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Vico’s Ring


could be made about a host of current language in relation to original early

modern usage; whereas the early moderns spoke of “natural philosophy”, to-

day “science” is the accepted term despite the anachronism of projecting the

modern scientific outlook and mentality back to the earlier age in every re-

spect. There is virtually no term that is immune to anachronistic usage, includ-

ing, for example” “intuition” and “imagination”. It took up an entire mono-

graph to elucidate the multifaceted history of the idea of “imagination” (see

M. Sanna,


, Naples, Alfredo Guida, 2007). However, the prob-

lem has proved to be “manageable”, even as perfect solutions remain elusive.

A more complex, even contentious, though not unrelated, problem arises

when entirely new terminology is introduced for which no reference to specif-

ic original language can be found. This issue is brought to the fore in the fol-

lowing contributions in

The Philosophy of Jaakko Hintikka

, ed. by R. E. Auxier

and L. E. Hahn, Chicago-LaSalle, Illinois, Open Court, 2006: S. Knuuttila,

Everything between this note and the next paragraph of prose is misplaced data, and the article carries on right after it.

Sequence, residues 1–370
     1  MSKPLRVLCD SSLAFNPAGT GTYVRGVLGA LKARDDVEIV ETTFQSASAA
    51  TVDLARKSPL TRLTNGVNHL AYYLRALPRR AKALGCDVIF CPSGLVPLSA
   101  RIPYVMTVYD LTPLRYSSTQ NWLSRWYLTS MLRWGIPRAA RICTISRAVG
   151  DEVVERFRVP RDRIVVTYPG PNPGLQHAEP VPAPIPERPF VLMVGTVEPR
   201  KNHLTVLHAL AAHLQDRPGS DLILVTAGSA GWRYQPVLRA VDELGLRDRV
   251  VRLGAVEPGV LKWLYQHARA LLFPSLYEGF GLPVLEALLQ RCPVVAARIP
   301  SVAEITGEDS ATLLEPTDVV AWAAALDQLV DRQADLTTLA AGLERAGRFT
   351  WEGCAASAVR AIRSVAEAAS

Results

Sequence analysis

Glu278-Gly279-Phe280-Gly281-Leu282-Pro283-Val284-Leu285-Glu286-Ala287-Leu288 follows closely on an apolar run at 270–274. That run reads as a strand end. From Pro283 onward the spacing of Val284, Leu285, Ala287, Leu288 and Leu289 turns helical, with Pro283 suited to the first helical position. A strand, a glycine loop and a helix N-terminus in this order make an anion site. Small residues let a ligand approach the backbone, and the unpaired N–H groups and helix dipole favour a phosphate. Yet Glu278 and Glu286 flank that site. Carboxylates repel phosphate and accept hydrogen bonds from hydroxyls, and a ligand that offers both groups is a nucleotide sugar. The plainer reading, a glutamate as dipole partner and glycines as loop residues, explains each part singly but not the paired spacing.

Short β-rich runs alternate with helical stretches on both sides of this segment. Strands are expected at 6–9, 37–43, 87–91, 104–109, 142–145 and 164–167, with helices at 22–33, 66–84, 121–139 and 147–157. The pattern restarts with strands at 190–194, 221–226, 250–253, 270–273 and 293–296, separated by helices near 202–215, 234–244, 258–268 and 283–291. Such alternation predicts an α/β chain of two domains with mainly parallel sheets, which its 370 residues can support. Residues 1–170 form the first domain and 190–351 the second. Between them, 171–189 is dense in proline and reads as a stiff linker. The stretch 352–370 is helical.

Hintikka’s View of the History of Philosophy

, pp. 87-105; J. Hintikka,

Reply to Simo


, pp. 106-112; G. Motzkin,

Hintikka’s Ideas about the History of Ideas

, pp.

113-131; J. Hintikka,

Reply to Gabriel Motzkin

, pp. 132-135. Specifically, the is-

sue is whether it is legitimate to «notice that the arguments [in historical texts]

include assumptions that are not explicitly formulated and that the author

takes for granted» (Knuuttila, p. 98). Hintikka’s response is affirmative: «By

identifying other philosophers’ presuppositions, we can in fact sometimes as-

cribe to them views that they themselves did not express and sometimes

would have denied if they had been proposed to them» (Hintikka, p. 109).

With respect to the early modern era, it could be argued that key thinkers

could not be properly understood without recognizing and articulating their

unexpressed presuppositions; as A. Funkenstein pointed out, for example,

such unstated metaphysical assumptions included so-called “univocity” and

“homogeneity” (Id.,

Theology and the Scientific Imagination from the Middle Ages to

the Seventeenth Century

, Princeton, New Jersey, Princeton University Press, 1986,

pp. 25-31; see also D. R. Lachterman,

The Physics of Spinoza’s ETHICS

, cit., pp.

82-83, with respect to assumed “homogeneity” in Spinoza’s thought). The

anachronistic – but not ahistorical – introduction of the univocity concept

proves to be indispensable, for example, in pinpointing Vico’s position of the



-univocity of





Liber metaphysicus

, as P.

Fabiani insisted on: «Fisico e metafisico devono quindi essere tenuti ben dis-

tinti (Therefore, physics and metaphysics need to be kept clearly separate)»


Classificazione delle scienze e principio dell’errore

, in

Studi sul “De antiquissima

Italorum sapientia” di Vico

, ed. by G. Matteucci, Macerata, Quodlibet, 2002, p.